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Showing posts from August, 2013

ARTICLE: Personal Data Protection Act 2010

by Foong Cheng Leong and Halina Jael Abu Bakar After a long wait, the Personal Data Protection Act 2010 [ Act 709 ] (“the Act”) has finally been passed. The Act seeks to regulate the processing of personal data of individuals involved in commercial transactions by data users so as to provide protection to the individual’s personal data, thereby safeguarding the interests of such individual. The enactment of the Act is timely, for information can be transferred and transmitted seamlessly and sometimes, effortlessly. From the traditional snail mail to the social networking tool of “Tweet-ing”, personal and often very important information can now be easily shared. New technologies and changing market trends are also contributing to the increasingly important role of information in the global market economy. This information, in particular the personal data of individuals involved in commercial transactions, has become a valuable commodity. Legislation to protect personal

Sexual Harassment Awareness Series No. 6: Stopping Sexual Harassment

As part of the efforts by the Practitioner's Affairs Committee to educate and empower its members, the PAC continues with its Sexual Harassment awareness series, focusing on what one can do when faced with sexual harassment.  If you have been the victim of sexual harassment, do not stay silent. Take action and contact the Kuala Lumpur Bar Committee or submit your complaint  here . ______________________________________________________________________________ Sexual Harassment Awareness Series No. 6: Stopping Sexual Harassment If possible, and if the harassment is not too severe or violent, directly confronting the harasser may be useful. Also, although having protested is not necessary for a claim, it would strongly strengthen a claim.  Confronting harassment, the following steps are recommended:.  Do the unexpected: Name the behaviour. Whatever he's/she's just done, say it, and be specific. For example, "Stop touching me XXX,&qu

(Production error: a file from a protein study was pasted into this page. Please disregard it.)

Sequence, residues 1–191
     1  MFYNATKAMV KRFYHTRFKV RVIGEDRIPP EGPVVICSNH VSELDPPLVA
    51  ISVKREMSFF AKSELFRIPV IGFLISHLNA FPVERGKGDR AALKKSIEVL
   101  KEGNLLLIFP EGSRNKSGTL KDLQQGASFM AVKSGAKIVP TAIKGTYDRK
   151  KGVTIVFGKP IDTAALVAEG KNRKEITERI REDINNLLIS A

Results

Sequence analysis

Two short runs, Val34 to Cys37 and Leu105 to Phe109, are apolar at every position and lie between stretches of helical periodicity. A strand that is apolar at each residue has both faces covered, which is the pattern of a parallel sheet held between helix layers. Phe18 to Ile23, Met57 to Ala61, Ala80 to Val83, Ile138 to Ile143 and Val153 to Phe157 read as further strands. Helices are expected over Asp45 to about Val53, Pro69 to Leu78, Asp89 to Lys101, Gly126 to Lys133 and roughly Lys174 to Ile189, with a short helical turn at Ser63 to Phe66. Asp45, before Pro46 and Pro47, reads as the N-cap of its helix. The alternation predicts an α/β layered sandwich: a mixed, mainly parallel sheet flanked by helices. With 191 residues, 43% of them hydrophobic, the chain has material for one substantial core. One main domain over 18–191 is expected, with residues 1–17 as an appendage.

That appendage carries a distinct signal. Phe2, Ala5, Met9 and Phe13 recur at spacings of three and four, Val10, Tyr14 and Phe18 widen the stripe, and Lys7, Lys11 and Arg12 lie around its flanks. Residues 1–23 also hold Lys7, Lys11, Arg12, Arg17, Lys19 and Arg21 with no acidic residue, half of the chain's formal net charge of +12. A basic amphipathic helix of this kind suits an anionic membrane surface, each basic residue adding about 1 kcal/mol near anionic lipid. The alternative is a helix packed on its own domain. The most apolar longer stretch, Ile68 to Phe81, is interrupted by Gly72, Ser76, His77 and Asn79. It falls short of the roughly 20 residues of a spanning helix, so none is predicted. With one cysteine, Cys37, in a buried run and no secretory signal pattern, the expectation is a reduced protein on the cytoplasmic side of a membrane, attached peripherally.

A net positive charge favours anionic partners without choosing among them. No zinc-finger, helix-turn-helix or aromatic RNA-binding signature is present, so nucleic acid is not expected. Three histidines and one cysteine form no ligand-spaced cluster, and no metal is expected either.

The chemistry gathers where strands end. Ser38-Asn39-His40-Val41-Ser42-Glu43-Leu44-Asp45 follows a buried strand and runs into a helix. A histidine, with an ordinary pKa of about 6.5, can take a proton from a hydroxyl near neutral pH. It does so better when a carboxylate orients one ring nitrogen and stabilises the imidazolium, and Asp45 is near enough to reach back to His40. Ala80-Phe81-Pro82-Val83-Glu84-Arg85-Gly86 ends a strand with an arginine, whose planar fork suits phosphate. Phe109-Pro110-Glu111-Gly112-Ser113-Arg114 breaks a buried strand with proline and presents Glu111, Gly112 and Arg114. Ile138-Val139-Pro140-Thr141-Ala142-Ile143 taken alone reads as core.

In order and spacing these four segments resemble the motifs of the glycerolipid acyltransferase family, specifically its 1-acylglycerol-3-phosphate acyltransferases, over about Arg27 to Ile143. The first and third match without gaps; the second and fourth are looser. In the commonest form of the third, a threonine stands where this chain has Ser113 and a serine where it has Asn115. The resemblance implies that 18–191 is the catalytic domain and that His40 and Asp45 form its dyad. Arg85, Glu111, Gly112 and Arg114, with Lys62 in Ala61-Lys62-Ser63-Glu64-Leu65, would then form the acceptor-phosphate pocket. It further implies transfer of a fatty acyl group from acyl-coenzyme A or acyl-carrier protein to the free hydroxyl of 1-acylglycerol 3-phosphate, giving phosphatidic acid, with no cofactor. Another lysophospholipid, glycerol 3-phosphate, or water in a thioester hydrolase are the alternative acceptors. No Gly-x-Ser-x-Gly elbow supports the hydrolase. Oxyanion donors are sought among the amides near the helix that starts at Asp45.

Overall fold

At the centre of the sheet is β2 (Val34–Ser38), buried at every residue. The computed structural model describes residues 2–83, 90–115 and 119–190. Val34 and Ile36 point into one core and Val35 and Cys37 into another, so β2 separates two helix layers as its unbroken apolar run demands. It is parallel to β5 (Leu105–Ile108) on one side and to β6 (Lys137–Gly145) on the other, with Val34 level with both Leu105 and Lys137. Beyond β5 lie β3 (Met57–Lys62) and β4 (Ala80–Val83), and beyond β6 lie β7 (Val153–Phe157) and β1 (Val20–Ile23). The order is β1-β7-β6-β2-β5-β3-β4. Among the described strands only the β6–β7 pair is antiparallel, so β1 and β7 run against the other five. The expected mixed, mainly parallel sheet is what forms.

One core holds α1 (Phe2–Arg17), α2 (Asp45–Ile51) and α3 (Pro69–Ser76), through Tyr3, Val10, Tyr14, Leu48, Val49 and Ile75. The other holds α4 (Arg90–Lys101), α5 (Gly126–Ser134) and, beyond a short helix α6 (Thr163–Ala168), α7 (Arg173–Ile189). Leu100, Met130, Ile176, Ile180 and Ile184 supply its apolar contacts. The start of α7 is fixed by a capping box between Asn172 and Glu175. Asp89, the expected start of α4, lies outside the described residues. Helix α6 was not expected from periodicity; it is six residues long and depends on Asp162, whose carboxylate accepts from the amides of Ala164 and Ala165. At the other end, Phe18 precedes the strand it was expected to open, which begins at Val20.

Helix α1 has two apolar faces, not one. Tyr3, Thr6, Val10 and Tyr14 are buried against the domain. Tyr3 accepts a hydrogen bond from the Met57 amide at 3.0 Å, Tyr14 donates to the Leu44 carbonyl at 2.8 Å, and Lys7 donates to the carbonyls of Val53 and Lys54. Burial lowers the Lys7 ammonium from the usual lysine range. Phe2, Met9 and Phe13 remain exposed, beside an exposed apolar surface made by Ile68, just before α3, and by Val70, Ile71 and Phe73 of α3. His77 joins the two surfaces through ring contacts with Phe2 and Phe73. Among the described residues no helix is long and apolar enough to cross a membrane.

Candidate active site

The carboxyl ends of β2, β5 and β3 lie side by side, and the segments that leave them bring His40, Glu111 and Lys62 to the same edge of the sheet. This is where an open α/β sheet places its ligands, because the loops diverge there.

ARTICLE: Satellite Wars: A Commentary on the Astro v Lippo Arbitration Dispute

by Lee Shih In the Singapore High Court decision of Astro Nusantara International BV and others v PT Ayunda Prima Mitra and others [2012] SGHC 212, the Plaintiffs from the Astro group of companies (“the Astro Claimants”) succeeded in enforcing five arbitral awards totalling more than US$250 million against the Defendants from the Lippo group of companies (“the Lippo Respondents”). Although the case was decided under the provisions of the Singapore International Arbitration Act (“IAA”), the decision is also useful in the Malaysian context for the interpretation of the Arbitration Act 2005 (“Malaysian Arbitration Act”). This article will first set out a brief overview of the relevant provisions of the IAA before going on to discuss the facts and the legal issues of the case. SINGAPORE INTERNATIONAL ARBITRATION ACT The IAA follows closely the UNCITRAL Model Law on International Commercial Arbitration (“Model Law”). Section 3 of the IAA states that, subject to the IAA, “the Mo